Australian Prime Minister Scott Morrison yesterday delivered a formal apology to Australia’s victims of child sex abuse, saying that the nation must acknowledge their long, painful journey and its failure to protect them.
Morrison’s emotional speech given in parliament before hundreds of survivors followed the conclusion of a Royal Commission into Institutional Responses to Child Sexual Abuse, the nations’ highest level of inquiry.
“Today, as a nation, we confront our failure to listen, to believe and to provide justice,” he said, adding: “We say sorry.”
Abuse survivors who had gathered in parliament’s Great Hall cried, yelled and applauded as Morrison read the apology.
“I believe you, we believe you, your country believes you,” he said.
The four-year inquest that delivered its final report in December last year revealed shocking evidence from more than 17,000 survivors and heard allegations against government, church and private institutions, as well as prominent individuals.
It also heard evidence from leaders such as Vatican Cardinal George Pell, who is charged with committing historical sex abuses himself and was accused of failing to protect children.
The prime minister said that it was time for Australia to confront key questions.
“Why weren’t the children of our nation loved, nurtured and protected? Why was their trust betrayed?” he said.
“Why did those who know cover it up? Why were the cries of children and parents ignored? Why was our system of justice blind to injustice? Why has it taken so long to act? Why were other things more important than this, the care of innocent children? Why didn’t we believe?” Morrison said.
He said nothing could be done to right the wrongs inflicted on children.
“Even after a comprehensive royal commission, which finally enabled the voices to be heard and the silence to be broken, we will all continue to struggle,” he said.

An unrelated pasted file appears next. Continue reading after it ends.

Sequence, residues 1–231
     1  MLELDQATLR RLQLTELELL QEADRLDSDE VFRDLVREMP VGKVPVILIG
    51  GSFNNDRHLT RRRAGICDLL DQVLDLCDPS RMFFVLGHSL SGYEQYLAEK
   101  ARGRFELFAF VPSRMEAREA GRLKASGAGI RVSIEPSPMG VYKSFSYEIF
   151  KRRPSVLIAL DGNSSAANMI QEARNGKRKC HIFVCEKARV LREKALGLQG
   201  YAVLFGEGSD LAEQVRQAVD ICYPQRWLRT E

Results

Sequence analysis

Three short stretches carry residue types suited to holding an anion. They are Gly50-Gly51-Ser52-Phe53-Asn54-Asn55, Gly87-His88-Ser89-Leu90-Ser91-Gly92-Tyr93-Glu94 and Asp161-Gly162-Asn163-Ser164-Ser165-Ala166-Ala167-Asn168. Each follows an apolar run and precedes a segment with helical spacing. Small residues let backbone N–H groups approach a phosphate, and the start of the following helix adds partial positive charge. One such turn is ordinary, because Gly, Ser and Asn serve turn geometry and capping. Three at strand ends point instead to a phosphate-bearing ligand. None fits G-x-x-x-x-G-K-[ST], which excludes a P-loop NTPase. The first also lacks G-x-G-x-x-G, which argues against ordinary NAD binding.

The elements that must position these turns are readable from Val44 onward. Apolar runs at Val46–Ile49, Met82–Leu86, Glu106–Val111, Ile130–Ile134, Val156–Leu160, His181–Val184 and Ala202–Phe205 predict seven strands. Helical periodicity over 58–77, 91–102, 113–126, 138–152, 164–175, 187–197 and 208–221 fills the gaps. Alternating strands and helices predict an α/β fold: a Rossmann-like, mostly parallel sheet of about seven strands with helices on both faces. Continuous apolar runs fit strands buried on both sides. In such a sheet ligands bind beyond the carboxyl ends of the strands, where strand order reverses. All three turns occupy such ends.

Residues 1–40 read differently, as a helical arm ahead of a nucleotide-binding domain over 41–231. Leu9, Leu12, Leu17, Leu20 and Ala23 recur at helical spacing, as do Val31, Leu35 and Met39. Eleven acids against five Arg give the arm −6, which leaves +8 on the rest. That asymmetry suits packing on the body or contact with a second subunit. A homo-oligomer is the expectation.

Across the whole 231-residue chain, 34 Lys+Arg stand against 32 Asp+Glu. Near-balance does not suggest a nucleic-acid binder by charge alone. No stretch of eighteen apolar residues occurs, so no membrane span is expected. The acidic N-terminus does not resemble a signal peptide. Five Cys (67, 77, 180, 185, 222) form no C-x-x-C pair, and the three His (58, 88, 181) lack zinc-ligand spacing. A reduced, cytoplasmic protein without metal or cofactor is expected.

“So today, we gather in this chamber in humility, not just as representatives of the people of this country, but as fathers, as mothers, as siblings, friends, workmates and, in some cases, indeed, as victims and survivors,” Morrison said.
Australian lawmakers stood for a minute of silence following the apology, which came with the announcement of government plans to create a museum and research center to raise awareness and understanding of the impacts of child sexual abuse, and to ensure the nation does not forget the horrors victims have suffered.
The research center is also to assist those seeking help, and guide best practices for training and other services.
The Australian government would also commit to reporting every year for the next five years on the progress of the royal commission’s recommendations.
It has already accepted 104 of the commission’s 122 recommendations, including a redress payments program, with the other 18 recommendations still under examination.
The government has also established a new office of child safety, to report to the Australian prime minister.
Opposition leader Bill Shorten joined the apology, saying that Australia had failed tens of thousands of children across generations.
“Our nation let you down. Today, we offer you our nation’s apology, with humility, with honesty, with hope for healing now and with a fire in our belly to ensure that our children will grow up safe in the future,” Shorten said.
While many survivors and campaigners welcomed the apology, others called for more to be done to address the history of abuse.
In Canberra, Rick Venero, who was abused at a Marist Brothers school in Sydney, said action should be taken against institutions that protected pedophiles.
The apology “meant a great deal. It’s fantastic to get that from the Australian people,” Venero said.
However, “it’s pretty shattering actually, to come here and everyone’s behind it, and the power of these institutions means that nothing’s really happening,” he said.
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